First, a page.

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PWR 1EH: Rhetoric of Resistance: Analyzing Narratives For and Against

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Catalog Number: PWR 1EH

Instructor: Elizabeth Hille

Units: 4

Grade option: Letter (ABCD/NP)

Prerequisite: None

Course Feature: WR-1 requirement


Every day we encounter resistance personally and globally. Do you resist buying plastic or eating meat? Do you resist the idea that video games cause violence? What is tech disrupting–how, why? Should we reconsider normalizing language like thug, terrorists, or illegals? Are large language models like chatGBT useful, unbiased research tools? In this course we will examine what constitutes a narrative of resistance and we will use rhetoric to help us understand who decides when resistance is celebrated, needed, righteous, and who decides when it is condemned or misguided.

Narratives of resistance can be found in all fields so your research topics can range widely, and I encourage you to pursue an issue you want to learn more about. For instance, you might analyze narratives for and against unionizing, abortion bans, automation, or buying fast fashion. Former students have researched resistance narratives about trans athletes competing in their chosen gender as well as whether universities should accept money from fossil fuel companies to fund climate research. Resistance is an important skill to cultivate and hone as we enter into public conversation as writers, researchers, and community members. 

We will root our critical inquiry by closely examining how the language we use creates or thwarts a more just society, and we’ll study scholars who have written academic and popular resistance narratives. All quarter we will return to these questions: What is considered valid or needed resistance in the midst of our ever shifting social, political, economic, and environmental extremes?  What is the relationship between resistance and truth; resistance and democracy; resistance and our language choices?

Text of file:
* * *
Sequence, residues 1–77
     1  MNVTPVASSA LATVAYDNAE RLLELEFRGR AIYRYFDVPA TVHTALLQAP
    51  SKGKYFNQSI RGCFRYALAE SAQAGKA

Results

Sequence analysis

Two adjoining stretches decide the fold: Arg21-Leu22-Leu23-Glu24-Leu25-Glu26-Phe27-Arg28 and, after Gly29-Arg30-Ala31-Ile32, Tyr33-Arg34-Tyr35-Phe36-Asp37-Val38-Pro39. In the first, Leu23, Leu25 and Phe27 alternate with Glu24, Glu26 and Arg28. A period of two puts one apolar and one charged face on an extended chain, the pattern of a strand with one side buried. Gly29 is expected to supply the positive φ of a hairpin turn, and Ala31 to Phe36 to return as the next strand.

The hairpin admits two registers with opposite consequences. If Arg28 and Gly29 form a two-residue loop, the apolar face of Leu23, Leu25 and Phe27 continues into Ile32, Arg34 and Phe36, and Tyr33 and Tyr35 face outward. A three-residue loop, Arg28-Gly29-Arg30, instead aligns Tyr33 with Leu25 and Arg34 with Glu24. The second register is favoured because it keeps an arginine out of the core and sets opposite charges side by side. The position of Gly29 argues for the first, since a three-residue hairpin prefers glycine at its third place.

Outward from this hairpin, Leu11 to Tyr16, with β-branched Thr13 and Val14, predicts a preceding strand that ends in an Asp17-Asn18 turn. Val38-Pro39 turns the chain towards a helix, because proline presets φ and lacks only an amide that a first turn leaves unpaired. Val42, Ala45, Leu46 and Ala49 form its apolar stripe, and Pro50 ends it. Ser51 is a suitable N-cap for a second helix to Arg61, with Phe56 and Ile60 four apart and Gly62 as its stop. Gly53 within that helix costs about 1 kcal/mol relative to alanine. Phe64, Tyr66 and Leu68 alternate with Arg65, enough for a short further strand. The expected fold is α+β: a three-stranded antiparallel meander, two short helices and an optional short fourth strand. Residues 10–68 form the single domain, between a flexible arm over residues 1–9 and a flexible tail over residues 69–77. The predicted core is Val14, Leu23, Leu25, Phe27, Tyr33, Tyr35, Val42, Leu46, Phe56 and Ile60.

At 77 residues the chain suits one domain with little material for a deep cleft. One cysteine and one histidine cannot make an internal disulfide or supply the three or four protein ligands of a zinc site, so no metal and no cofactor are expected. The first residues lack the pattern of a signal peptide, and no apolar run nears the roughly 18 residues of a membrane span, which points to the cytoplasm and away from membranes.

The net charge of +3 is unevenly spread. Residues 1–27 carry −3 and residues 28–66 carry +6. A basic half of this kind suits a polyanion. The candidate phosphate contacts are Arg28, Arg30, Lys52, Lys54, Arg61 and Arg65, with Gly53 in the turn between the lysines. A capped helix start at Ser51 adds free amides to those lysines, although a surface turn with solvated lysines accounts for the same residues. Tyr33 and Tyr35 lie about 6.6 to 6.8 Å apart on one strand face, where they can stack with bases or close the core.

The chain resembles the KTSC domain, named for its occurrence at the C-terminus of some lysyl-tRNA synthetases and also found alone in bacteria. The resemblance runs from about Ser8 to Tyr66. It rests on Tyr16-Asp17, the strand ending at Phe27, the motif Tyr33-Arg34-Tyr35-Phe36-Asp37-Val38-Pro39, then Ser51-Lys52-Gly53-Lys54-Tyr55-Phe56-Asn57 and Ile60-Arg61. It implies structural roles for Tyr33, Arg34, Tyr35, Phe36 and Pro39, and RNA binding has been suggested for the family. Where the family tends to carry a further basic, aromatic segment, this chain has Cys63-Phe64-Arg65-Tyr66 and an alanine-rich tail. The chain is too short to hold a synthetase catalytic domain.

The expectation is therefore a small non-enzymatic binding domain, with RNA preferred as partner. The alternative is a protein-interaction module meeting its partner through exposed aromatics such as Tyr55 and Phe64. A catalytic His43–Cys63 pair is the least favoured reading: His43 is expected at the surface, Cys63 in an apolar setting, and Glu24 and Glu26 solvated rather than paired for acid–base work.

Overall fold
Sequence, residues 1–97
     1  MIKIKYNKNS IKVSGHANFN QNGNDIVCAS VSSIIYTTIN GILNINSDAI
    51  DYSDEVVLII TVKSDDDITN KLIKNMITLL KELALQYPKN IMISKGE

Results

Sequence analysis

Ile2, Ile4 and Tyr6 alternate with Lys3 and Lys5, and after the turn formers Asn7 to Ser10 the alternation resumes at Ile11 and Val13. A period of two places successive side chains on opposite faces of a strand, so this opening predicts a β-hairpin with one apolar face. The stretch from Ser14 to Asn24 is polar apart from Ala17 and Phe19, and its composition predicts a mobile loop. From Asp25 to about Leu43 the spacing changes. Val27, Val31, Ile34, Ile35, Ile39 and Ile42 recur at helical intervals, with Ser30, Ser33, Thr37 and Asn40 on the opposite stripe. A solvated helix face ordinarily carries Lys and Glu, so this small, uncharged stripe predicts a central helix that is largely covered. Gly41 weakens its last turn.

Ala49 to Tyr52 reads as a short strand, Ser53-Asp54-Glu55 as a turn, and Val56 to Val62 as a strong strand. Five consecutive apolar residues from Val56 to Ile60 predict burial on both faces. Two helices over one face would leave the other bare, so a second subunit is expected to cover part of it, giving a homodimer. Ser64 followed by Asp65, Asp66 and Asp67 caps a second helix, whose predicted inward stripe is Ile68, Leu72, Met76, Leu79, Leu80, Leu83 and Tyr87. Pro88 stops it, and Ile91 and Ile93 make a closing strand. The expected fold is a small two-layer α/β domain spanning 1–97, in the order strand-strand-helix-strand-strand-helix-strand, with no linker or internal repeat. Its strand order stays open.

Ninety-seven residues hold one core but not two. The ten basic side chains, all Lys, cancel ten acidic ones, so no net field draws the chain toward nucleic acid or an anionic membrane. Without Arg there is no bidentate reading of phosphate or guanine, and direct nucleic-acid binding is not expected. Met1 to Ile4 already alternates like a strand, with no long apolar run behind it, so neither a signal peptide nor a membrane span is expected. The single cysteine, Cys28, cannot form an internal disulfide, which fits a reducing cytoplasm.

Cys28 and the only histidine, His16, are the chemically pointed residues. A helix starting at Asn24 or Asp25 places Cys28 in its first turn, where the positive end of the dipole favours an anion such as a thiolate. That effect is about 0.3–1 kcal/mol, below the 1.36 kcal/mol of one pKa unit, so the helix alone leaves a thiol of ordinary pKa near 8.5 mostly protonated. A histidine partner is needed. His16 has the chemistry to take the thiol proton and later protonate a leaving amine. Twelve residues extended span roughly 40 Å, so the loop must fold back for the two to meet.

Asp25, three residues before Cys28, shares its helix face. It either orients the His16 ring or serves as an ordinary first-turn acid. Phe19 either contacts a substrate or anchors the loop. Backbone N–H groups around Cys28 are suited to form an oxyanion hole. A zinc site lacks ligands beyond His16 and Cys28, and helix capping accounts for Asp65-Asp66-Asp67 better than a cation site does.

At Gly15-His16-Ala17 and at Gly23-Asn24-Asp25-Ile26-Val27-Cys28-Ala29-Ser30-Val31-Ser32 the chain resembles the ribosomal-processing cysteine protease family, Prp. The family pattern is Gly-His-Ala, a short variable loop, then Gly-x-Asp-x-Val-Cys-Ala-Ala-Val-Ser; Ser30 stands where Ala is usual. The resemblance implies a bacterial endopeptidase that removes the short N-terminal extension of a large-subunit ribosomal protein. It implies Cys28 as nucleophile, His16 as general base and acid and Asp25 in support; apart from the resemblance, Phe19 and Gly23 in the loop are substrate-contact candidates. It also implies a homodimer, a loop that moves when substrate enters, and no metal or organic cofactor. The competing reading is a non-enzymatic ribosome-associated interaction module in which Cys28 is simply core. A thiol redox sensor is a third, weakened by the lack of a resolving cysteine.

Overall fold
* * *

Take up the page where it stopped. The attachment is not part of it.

Major Assignments

Rhetorical Analysis

(1500-1800 words; 5-6 pages) This assignment asks you to analyze the rhetorical strategies of a text of your choice that makes an argument about resistance narratives. You’ll choose a text that examines counter narratives to topics such as standardized language use in the classroom, theories like identity politics, or tactics such as code-meshing. 

Texts in Conversation

(1800-2400 words; 6-8 pages) This assignment marks the beginning of your research project. Here, you will research and investigate the larger research question you’d like to explore relating to resistance. You’ll analyze how different sources, voices, and perspectives inform the larger conversation about your topic. For instance, you might explore topics such as defunding the police, how AI can be racist, or how corporations have co-opted narratives of resistance. 

Research-Based Argument

(3600-4500 words; 12-15 pages)  Your RBA is the final product of this course where your voice enters into the conversation. Here is where you’ll build on and expand the work you began with the Texts in Conversation assignment by integrating a variety of sources to produce your own complex, provocative argument about resistance as it relates to your topic.